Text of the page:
The most recent UK manufacturing PMI figures, released today, signalled expansion in the sector for the fifth month running although export orders fell sharply in April.
Growth in the manufacturing sector slowed at the start of the second quarter, after making a solid start to the year. The Markit/CIPS UK Manufacturing Purchasing Managers’ Index (PMI) dipped to 50.5 in April, below March’s revised reading of 51.9, but still above the neutral 50.0 mark that separates expansion from contraction.
The PMI has signalled industrial growth in each of the past five months. Manufacturing output expanded for the fifth month running in April. However, the rate of increase eased to its weakest in the year-to-date, partly due to a sharp reduction in new export orders.
Total new order books fell slightly for the first time in five months in April. This mainly reflected a sharp drop in new export business – the steepest since May 2009 – resulting from weaker demand from mainland Europe, the US and East Asia.
Commenting on today’s PMI data, Ms Lee Hopley, chief economist at EEF said: “The good news is that manufacturing clocked up a fifth straight rise… The bad news is that ever-present Eurozone woes are still bearing down on the short term outlook, with some suggestion of renewed downward pressure on export orders over the past month.”
Inflationary pressures eased slightly but companies continued to report paying higher prices for chemicals, eggs, feedstock, fuel, metals, oil and polymers. A number of companies also indicated that suppliers were raising their charges to reflect increased transport costs. As a result output price inflation continued to rise as manufacturers passed on increases in input costs to their clients.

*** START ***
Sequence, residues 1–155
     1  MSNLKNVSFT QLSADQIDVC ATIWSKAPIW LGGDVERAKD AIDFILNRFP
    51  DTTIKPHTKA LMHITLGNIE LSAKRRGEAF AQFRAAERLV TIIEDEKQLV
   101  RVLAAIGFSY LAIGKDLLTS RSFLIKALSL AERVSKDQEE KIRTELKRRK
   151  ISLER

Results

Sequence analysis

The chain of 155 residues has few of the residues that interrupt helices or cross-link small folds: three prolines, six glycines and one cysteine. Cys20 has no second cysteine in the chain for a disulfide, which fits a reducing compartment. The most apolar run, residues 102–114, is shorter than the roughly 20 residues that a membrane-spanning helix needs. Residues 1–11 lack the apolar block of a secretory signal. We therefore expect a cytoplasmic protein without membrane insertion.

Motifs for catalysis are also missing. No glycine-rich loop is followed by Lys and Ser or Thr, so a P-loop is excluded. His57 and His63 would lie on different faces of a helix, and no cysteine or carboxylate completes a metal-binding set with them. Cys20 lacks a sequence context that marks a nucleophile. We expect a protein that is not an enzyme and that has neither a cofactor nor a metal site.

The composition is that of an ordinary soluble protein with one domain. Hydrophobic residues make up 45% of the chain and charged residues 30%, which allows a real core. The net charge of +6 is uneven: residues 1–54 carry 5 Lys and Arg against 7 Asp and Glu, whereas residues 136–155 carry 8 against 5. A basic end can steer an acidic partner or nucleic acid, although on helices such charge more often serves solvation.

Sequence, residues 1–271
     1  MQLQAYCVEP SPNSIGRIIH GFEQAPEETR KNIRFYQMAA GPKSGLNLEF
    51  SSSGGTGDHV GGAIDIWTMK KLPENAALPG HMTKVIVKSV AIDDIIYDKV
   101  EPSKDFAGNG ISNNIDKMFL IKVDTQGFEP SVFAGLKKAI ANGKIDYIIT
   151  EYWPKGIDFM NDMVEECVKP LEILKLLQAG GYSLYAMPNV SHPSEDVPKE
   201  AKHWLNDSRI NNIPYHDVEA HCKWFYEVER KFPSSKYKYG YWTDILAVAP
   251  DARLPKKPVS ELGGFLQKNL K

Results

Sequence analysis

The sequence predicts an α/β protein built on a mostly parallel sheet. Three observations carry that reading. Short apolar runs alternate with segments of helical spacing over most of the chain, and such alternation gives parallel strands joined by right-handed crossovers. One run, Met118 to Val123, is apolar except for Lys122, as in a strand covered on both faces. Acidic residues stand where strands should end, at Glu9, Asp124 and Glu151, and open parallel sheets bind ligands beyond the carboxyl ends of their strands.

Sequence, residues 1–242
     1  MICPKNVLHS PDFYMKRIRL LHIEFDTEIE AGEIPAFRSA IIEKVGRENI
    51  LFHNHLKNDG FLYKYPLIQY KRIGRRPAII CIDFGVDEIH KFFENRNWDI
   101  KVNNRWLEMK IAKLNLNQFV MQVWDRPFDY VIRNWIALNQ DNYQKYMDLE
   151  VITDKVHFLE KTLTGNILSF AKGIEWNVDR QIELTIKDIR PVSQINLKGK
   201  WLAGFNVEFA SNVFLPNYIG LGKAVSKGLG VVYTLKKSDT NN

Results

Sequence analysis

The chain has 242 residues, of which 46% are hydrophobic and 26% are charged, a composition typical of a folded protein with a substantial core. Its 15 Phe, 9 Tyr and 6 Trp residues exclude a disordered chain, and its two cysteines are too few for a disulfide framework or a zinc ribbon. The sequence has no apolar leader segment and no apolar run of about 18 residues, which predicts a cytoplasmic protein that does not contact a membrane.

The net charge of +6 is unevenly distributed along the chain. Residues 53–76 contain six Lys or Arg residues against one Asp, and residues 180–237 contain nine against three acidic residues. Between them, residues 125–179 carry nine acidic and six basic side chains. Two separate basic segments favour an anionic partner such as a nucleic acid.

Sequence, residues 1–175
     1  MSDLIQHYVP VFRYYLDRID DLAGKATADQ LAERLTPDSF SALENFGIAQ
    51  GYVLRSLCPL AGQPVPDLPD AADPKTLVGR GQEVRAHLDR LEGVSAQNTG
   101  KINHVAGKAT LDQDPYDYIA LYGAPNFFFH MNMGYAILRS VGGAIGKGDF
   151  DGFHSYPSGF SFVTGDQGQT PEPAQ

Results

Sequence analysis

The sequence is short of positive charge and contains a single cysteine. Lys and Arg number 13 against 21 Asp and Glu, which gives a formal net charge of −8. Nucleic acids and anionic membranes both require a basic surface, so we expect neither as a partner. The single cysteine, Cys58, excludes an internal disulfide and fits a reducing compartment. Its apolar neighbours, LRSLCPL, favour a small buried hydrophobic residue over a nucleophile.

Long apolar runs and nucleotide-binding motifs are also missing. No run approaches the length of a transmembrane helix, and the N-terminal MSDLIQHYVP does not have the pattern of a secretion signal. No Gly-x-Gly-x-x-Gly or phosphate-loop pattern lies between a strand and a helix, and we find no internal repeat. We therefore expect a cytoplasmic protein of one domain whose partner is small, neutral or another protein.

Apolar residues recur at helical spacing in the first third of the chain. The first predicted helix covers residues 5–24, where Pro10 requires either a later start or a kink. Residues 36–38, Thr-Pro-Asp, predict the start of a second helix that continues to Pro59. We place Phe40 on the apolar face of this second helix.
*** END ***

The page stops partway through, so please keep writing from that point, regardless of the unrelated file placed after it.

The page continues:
Employment in manufacturing edged higher in April, with a marginal increase in payroll numbers reported for the fourth successive month. Where an increase in staffing was indicated, this was attributed to higher output and the introduction of new product lines.
Rob Dobson, senior economist at Markit and author of the Manufacturing PMI said that while some indications were still positive, concerns exist for the UK economic recovery. “Although the expansion in output is a positive , as is a modest increase in employment, manufacturers are still sustaining growth through past demand, a circumstance that can not continue indefinitely. What manufacturers really need to see is a marked improvement in new order inflows, so April’s sudden sharp drop in new export orders was a real disappointment.”
Some commentators were more hawkish about the flat growth, emphasising the negative kickback on the UK of Europe’s economic travails.
“The uncertainty and continued volatility of the eurozone continues to impact on our manufacturers, hitting new orders and declining backlogs, which fell for the 15th month in a row,” said Philip Hines, head of Industrial Products, Transaction Services at PwC. “While the slight expansion in April is welcome, it is limited and the outlook for UK manufacturing remains fragile.”